Fiat-Allis urges this court to reverse the appellate court's ruling on the issue of jurisdiction, arguing that the court's opinion flouts the supreme court rules governing appellate jurisdiction. Supreme Court Rule 303(a)(1) provides that the notice of appeal from final judgments in civil cases "must be filed with the clerk of the circuit court within 30 days after the entry of the final judgment appealed from." (134 Ill.2d R. 303(a)(1).) Subsection (e) provides for an extension of this time period for an additional 30 days, "[o]n motion supported by a showing of reasonable excuse for failure to file a notice of appeal on time." (134 Ill.2d R. 303(e).) Mitchell did not comply with either subsection of Rule 303 in the instant case; therefore, Fiat-Allis requests this court to hold that Mitchell's notice of appeal from the trial court's order was not timely filed.

Fiat-Allis primarily relies on this court's opinion in Granite City Lodge No. 272, Loyal Order of the Moose v. City of Granite City (1990), 141 Ill. 2d 122, 152 Ill. Dec. 247, 565 N.E.2d 929. In Granite City, the defendant city attempted to file a notice of appeal approximately four months after the trial court had disposed of the city's post-trial motion. The city argued that it had not received actual notice of the court's disposition of the post-trial motion. The issue was framed as follows: "whether the time for filing a notice of appeal is tolled until the parties receive actual notice of an order disposing of a post-trial *1012 motion." (Granite City, 141 Ill. 2d at 123, 152 Ill. Dec. 247, 565 N.E.2d 929.) This court held that "actual notice is not required, so long as the order appealed from was expressed publicly, in words and at the situs of the proceeding." (Granite City, 141 Ill. 2d at 123, 152 Ill. Dec. 247, 565 N.E.2d 929.) Accordingly, the court in Granite City affirmed the appellate court's rejection of the city's attempted appeal, holding that the city failed to come within the provisions of either Supreme Court Rule 303(a) or Rule 303(e).

We find Granite City applicable to the instant cause and hold that the appellate court improvidently took jurisdiction over Mitchell's appeal from the circuit court's setting aside of the Industrial Commission's award. When Mitchell's counsel learned of the entry of the circuit court's final order disposing of the case, the initial 30-day period of Rule 303(a) had elapsed. That he lacked actual notice of the entry of the order is not material under the Granite City analysis. Moreover, at the time he learned of the existence of the March 1 order, Mitchell's counsel still had approximately six days in which to move, in the appellate court, for leave to file a late notice of appeal under Rule 303(e). Had he filed such a motion, the appellate court properly could have exercised its discretion in deciding whether to grant leave to file the late notice. However, the appellate court in the instant case lacked the discretion that Rule 303(e) confers because of Mitchell's failure to comply with either Rule 303(a) or Rule 303(e).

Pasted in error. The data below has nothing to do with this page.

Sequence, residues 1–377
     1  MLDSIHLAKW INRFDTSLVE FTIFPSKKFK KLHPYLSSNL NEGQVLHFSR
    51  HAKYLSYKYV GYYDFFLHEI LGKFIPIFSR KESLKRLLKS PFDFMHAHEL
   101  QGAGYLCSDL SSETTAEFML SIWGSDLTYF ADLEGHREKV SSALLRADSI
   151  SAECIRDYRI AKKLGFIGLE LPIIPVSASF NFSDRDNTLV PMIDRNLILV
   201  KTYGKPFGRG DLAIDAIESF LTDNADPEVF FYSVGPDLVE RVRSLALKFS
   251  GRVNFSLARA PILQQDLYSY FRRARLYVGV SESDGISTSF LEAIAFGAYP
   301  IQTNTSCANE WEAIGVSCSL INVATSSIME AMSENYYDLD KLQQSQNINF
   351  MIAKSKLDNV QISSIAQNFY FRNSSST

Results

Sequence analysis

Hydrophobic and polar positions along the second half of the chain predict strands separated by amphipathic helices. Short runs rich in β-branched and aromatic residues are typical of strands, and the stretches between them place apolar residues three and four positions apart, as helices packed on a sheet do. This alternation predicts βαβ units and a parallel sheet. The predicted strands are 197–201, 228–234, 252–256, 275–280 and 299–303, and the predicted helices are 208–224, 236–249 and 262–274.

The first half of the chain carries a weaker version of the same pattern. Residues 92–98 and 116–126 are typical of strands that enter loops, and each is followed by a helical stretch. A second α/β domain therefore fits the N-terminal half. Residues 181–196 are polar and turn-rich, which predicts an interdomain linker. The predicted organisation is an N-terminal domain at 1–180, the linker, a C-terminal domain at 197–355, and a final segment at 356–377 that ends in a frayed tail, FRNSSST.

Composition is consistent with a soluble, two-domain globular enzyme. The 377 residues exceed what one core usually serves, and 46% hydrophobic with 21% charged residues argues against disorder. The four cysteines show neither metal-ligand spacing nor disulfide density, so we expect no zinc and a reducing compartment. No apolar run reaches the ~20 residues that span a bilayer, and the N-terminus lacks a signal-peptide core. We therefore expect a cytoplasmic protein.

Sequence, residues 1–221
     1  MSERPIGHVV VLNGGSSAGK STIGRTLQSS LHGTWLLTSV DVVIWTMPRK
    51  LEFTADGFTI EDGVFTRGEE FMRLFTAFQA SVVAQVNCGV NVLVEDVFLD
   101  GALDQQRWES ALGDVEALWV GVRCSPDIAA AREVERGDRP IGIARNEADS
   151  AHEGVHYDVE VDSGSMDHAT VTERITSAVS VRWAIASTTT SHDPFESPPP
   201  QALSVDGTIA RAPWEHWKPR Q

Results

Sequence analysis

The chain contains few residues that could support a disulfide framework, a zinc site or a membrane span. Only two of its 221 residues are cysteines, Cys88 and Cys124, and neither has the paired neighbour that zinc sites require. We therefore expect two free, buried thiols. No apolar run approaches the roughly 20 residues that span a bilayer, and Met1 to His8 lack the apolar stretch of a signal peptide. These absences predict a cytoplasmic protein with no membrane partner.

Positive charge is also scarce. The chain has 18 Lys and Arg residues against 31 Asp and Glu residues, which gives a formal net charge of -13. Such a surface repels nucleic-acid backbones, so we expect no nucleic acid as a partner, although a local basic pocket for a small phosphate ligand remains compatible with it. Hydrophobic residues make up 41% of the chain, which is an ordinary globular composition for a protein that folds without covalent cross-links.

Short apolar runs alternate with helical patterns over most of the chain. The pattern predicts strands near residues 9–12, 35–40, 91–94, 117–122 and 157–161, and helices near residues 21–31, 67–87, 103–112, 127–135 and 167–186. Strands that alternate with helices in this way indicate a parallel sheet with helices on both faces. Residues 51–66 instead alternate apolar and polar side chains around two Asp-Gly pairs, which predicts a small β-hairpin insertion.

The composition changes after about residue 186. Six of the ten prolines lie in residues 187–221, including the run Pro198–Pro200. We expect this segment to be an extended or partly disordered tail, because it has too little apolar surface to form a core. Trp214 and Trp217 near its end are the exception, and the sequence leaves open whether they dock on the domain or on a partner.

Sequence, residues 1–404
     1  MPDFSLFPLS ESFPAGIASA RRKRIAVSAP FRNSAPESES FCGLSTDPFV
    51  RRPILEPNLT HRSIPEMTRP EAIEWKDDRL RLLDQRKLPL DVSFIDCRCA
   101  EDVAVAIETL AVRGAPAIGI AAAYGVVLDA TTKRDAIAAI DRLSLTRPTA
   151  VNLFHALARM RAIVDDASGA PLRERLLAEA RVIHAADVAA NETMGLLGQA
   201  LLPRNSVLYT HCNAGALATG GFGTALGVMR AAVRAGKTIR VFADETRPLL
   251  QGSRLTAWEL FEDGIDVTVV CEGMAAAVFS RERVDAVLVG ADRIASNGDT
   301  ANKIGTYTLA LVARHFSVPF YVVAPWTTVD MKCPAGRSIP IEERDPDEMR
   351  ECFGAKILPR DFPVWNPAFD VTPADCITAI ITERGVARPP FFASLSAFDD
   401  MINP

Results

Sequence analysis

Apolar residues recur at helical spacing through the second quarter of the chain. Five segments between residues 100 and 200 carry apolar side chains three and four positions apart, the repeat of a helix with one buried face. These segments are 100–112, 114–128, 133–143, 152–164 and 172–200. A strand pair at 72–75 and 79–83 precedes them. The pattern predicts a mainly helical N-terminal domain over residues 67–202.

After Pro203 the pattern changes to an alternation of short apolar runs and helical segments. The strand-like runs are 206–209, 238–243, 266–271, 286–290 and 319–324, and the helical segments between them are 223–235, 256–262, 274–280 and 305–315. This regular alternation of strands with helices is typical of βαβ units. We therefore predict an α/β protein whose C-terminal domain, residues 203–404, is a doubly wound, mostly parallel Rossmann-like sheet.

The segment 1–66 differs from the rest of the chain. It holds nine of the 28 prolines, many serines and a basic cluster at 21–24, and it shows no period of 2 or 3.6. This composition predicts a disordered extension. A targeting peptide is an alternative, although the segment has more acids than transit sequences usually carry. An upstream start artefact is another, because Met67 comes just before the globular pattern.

The issue of jurisdiction that Fiat-Allis presented to the appellate court questioned the authority of the trial court to grant Mitchell's section 2-1401 petition to extend the time for filing an appeal beyond the 30-day period conferred by Rule 303(a). This court has previously held that a trial court lacks authority to extend the time for filing a notice of appeal. (Sears v. Sears (1981), 85 Ill. 2d 253, 52 Ill. Dec. 608, 422 N.E.2d 610.) The appellate court in the instant case agreed that a section 2-1401 petition is not a proper vehicle for allowing "claimant a new 30-day clock to file a notice of appeal." (232 Ill.App.3d at 949, 174 Ill. Dec. 71, 598 N.E.2d 268. See Ruttenberg v. Red Plastic Co. (1979), 68 Ill.App.3d 728, 732, 25 Ill. Dec. 345, 386 N.E.2d 616 (petition seeking vacation of judgment after 30 days of its entry "cannot be used as a substitute for the party's right to appeal"); Town of Normal v. Board of Regents, Regency Universities (1982), 107 Ill. App.3d 120, 122, 62 Ill. Dec. 879, 437 N.E.2d 406 (relief under section 2-1401 is inappropriate "where reentry of the same judgment is requested").) The filing of a section 2-1401 petition is considered a new proceeding, not a continuation of the old one. (E.g., Village of Island Lake v. Parkway Bank & Trust Co. (1991), 212 Ill.App.3d 115, 120, 155 Ill. Dec. 751, 569 N.E.2d 1362.) Therefore, after 30 days had elapsed from the time the circuit court entered its final order disposing of the worker's compensation claim, the circuit court lost jurisdiction over the matters resolved in that order. (Village of Island Lake, 212 Ill.App.3d at 120, 155 Ill. Dec. 751, 569 N.E.2d 1362.) Ergo, according to Fiat-Allis, the appellate court in the instant case lacked jurisdiction to consider the appeal.